The Scariest Asian Horror Films of All Time

By 313 votes 97 voters 6k views 26 items tags f p @

List Criteria: Vote up the scariest horror movies from Asia.

In the past 20 years, Asian horror has emerged as a major force in the genre. While American horror stagnated, churning out countless remakes (many of which are based on these Asian films), A-horror movies have been a source of innovation. Korean horror, for example, practically invented a new sub-genre of revenge-themed psychological thrillers, pioneered by Chan-wook Park. On top of that, something about the cultural difference makes these films extra-scary to Western audiences. Even a run-of-the-mill Japanese horror film can scare the pants off of a Western viewer who has never seen the style.

The criteria for voting on this list is fear. Which film evokes the most primal terror? These are the films which make you turn on all the lights in your house and get nervous when you go to the bathroom late at night. We're talking can't sleep, scarred for life, nightmare fuel. The winner will earn the title "scariest Asian horror film."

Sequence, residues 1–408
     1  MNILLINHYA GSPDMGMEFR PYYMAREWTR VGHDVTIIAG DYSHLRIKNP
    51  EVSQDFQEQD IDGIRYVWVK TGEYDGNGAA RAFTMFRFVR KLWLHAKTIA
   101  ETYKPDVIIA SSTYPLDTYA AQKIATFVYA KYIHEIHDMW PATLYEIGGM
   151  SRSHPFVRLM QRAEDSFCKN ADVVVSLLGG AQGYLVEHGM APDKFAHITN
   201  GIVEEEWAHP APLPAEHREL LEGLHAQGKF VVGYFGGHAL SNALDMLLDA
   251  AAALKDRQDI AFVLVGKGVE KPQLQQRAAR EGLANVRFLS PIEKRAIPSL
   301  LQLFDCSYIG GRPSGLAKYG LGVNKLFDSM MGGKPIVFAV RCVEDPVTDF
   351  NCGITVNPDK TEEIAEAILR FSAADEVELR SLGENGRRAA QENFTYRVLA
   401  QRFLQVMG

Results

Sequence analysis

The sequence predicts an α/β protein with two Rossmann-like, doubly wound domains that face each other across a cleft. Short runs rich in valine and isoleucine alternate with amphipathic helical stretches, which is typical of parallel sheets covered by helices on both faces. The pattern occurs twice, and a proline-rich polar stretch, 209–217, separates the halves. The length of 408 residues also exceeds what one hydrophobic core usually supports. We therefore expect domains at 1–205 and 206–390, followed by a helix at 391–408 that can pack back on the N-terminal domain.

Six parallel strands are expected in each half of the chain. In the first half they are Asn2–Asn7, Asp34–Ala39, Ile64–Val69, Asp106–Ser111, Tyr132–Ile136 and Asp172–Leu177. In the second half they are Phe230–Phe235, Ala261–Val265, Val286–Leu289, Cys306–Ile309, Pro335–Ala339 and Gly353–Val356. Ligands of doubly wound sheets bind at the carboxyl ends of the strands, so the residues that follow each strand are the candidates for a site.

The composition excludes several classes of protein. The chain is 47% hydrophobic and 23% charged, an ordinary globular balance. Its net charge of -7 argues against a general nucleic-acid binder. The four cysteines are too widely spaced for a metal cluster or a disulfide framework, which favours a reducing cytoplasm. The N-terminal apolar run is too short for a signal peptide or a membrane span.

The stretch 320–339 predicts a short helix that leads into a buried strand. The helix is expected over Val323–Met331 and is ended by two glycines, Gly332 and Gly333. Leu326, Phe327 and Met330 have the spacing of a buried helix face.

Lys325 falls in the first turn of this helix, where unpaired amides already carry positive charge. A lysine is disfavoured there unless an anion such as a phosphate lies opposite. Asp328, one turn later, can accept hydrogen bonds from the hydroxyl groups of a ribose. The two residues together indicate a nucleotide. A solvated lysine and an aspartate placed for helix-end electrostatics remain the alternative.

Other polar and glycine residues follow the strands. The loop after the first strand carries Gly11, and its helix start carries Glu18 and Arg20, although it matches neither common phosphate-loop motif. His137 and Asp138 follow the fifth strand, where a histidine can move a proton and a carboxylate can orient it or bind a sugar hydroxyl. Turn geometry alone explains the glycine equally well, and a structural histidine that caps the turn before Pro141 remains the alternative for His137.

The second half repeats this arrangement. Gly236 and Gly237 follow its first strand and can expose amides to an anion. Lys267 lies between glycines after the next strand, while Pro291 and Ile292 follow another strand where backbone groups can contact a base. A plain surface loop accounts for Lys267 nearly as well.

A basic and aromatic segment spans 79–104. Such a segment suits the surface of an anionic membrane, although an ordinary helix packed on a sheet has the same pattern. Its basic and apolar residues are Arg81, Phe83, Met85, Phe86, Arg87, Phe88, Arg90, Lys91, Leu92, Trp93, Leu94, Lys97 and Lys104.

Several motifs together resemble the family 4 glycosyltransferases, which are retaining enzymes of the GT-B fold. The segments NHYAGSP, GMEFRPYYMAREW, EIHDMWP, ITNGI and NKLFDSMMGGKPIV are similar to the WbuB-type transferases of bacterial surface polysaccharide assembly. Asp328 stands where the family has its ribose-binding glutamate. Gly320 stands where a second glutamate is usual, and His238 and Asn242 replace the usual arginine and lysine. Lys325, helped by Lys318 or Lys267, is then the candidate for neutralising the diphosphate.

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    Directed by Takashi Shimizu of Ju-on fame, this 2005 Japanese horror follows actress Yuka as she stars in a horror movie based on true events. A father murdered his entire family and everyone else at a hotel while filming the entire event. Now 20 years later, a film is being shot on location at the infamous hotel.

    The film begins slowly and gradually accelerates so that by the climax, it feels like a freight train going full speed. Overall, the plot has a balance of predictable and unpredictable twists that keep the viewer guessing without feeling too lost. The cinematography and imagery are eerie without feeling too familiar. Not a gore fest by any stretch, this film relies on psychological suspense and atmosphere to terrify the audience.

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    Okay, so holding a fake audition to help you pick a second wife is pretty shady. Even so, Shigeharu Aoyama does not deserve what happens to him in this 1999 Japanese horror. The atmosphere is tense and gritty in this film by Takashi Miike. Unlike his later film Ichi the Killer, Audition is not overly gory. The film is artistically beautiful and truly terrifying, something that no horror fan can afford to miss.